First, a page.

Big law firm is ‘Big Brother,’ firing a partner for supporting the Dobbs decision

Robin Keller was a retired equity partner who worked for Hogan Lovells, an international law firm with almost 2,500 attorneys. (Although technically “retired,” she still worked for the firm.) Keller was summarily fired in June after daring to say that she thought the Dobbs decision, which returned the question of abortion to the states, was correctly decided and that making abortion more difficult might save Black lives.

Keller’s story emerged today in a Wall Street Journal opinion piece (which is behind a paywall). The narrative is riveting and depressing.

After Dobbs was decided, the firm convened an online conference for its female employees, intended to be a “safe space” in which they could reveal their feelings. That, of course, was like the rattle of a snake or the roar of a lion before it pounces, alerting all and sundry that Hogan Lovells is entirely under leftist control. (Indeed, Hogan Lovells was already on the transgender bandwagon in 2016.)

Image made using Justice from Freepik and Pile o’ Broken Dolls by Brett L. (CC BY-SA 2.0)

Sadly, Keller didn’t read the signs correctly and actually thought that women were going to be safe voicing their opinions about Dobbs, whether pro or con. Those who spoke, she said, were consistently anti-Dobbs. However, because she was in a “safe space,” Keller voiced an opposing view:

I noted that many jurists and commentators believed Roe had been wrongly decided. I said that the court was right to remand the issue to the states. I added that I thought abortion-rights advocates had brought much of the pushback against Roe on themselves by pushing for extreme policies. I referred to numerous reports of disproportionately high rates of abortion in the black community, which some have called a form of genocide. I said I thought this was tragic.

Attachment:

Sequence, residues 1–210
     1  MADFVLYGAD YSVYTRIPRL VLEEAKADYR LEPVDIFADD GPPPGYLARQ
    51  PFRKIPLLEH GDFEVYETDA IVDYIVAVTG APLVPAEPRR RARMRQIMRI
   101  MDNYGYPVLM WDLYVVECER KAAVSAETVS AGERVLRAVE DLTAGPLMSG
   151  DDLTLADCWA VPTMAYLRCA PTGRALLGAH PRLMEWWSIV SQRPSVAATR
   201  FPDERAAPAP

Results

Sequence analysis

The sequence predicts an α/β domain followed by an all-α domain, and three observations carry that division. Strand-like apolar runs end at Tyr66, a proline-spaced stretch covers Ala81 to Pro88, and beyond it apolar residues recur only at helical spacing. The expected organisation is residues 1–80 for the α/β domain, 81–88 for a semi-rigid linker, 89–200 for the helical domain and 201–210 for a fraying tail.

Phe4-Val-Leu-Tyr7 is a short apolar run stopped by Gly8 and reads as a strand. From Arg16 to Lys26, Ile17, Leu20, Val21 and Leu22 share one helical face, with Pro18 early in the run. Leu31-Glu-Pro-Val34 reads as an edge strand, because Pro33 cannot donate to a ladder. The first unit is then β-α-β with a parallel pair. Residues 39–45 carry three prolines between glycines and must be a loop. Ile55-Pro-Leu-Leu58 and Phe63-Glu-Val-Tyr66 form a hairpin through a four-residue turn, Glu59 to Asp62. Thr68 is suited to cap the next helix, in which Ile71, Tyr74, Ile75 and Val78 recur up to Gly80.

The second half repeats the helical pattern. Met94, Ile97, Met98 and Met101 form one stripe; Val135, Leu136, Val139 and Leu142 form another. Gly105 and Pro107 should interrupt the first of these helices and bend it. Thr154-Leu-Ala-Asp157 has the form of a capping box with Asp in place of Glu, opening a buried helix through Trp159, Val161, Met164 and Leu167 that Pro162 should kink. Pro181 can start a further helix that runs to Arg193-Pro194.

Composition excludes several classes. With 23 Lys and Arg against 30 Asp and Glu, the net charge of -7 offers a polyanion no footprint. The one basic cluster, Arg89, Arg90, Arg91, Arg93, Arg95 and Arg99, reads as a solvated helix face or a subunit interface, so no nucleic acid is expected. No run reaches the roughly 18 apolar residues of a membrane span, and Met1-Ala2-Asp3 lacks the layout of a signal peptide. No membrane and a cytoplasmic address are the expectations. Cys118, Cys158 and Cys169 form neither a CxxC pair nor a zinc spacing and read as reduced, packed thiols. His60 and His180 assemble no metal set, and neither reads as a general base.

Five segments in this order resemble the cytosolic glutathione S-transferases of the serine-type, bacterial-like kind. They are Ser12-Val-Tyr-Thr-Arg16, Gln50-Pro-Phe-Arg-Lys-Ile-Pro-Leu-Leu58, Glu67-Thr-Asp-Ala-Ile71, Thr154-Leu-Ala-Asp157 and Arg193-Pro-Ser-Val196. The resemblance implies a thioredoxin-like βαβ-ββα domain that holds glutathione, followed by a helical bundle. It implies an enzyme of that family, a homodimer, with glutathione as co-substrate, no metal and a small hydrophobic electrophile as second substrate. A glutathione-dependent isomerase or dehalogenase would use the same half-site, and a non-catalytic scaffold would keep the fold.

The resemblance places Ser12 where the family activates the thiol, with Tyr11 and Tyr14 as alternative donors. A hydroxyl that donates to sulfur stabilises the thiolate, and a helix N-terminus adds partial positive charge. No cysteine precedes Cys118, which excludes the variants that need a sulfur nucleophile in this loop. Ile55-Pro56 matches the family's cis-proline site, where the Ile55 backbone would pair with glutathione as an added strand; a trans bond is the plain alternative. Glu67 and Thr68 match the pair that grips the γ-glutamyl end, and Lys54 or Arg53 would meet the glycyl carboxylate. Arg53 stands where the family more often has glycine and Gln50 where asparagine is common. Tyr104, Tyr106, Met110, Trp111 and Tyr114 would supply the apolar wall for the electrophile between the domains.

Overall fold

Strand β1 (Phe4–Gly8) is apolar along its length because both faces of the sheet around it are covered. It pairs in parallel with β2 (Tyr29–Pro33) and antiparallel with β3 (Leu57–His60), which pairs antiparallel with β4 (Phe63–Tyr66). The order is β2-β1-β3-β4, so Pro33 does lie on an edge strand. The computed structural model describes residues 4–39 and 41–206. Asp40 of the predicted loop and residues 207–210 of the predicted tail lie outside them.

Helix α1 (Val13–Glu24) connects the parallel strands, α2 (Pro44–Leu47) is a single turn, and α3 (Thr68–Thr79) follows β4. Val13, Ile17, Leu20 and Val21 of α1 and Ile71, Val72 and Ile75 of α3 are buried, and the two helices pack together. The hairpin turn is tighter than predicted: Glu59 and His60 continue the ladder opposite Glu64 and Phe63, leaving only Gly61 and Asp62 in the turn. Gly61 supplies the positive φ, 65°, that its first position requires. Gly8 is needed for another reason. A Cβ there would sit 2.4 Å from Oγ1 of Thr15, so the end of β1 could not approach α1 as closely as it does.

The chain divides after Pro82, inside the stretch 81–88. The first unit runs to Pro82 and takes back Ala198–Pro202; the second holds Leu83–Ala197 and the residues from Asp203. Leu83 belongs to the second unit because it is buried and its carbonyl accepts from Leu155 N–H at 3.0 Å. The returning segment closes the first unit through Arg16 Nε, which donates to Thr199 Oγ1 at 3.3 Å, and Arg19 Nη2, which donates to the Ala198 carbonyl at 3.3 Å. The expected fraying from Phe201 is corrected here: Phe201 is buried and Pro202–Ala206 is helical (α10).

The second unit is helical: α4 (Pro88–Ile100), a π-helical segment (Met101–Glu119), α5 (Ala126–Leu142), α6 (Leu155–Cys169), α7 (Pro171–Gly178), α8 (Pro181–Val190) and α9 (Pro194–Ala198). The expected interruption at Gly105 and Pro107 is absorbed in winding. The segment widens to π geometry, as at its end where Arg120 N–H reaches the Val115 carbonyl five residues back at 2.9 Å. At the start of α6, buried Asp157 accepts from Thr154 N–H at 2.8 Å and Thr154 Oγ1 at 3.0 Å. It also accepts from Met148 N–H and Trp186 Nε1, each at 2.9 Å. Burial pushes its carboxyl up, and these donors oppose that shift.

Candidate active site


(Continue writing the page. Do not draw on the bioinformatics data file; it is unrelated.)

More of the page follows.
Before I go further, let me summarize: A lawyer speaking to lawyers addressed the legal merits of a Supreme Court decision and expressed sadness over the enormous number of deaths in the Black community. You can predict what came next:

The outrage was immediate. The next speaker called me a racist and demanded that I leave the meeting. Other participants said they “lost their ability to breathe” on hearing my comments.

Naturally, because all these lawyers had been trained in academia, someone made a formal complaint. The firm promptly de-personed and defamed Keller:

Later that day, Hogan Lovells suspended my contracts, cut off my contact with clients, removed me from email and document systems, and emailed all U.S. personnel saying that a forum participant had made “anti-Black comments” and was suspended pending an investigation. The firm also released a statement to the legal website Above the Law bemoaning the devastating impact my views had on participants in the forum—most of whom were lawyers participating in a call convened expressly for the purpose of discussing a controversial legal and political topic. Someone leaked my name to the press.

Keller filed her own complaint, and the firm hired another law firm to investigate. That firm concluded that bemoaning the deaths of millions of Black babies was harassment.

In her opinion piece, Keller says that she was shocked at how quickly Hogan Lovells caved to its woke employees. But as I pointed out, above, the mere fact that it convened a “safe space” meeting means that the firm had long ago caved to the wokesters. I can tell you from experience that there’s no coward like a law firm’s managing partner.

Meanwhile, Keller continues to be on the receiving edge of outrage. Above the Law, the website to which she referred, is probably the most-read legal gossip website in America. Within hours of Keller’s opinion piece getting published, it was back again, claiming Keller has “problematic views on abortion and race.” Apparently, it’s racist when a White person mourns the death of Black babies. (The current estimate is that about 20 million Black babies have been killed since 1973, which is an unimaginable and self-inflicted racial Holocaust.)

The same essay argues that Keller deserved what came her way because “She specifically blamed Black women for GENOCIDE,” meaning Keller is not only racist but also misogynistic. But really, who else is responsible? It’s not White women who aborted 20 million Black babies.

As for Hogan Lovells, according to Above the Law, it released a perfect Orwellian statement in response to the Wall Street Journal opinion piece:

As a firm we fully encourage our people to share their views on important issues that matter to them, but we expect our people to conduct themselves in accordance with firm policies. We value our differences, which make us stronger as a firm.

The unspoken caveat, of course, is that sharing different ideas is allowed only when those ideas are identical to the firm’s prevailing political correctness.

I hope Keller sues the firm for wrongful termination, defamation, and anything else that will support the facts. With luck, she’ll bankrupt the firm in the process. That’s the only way to break the back of wokeness in the corporate world.

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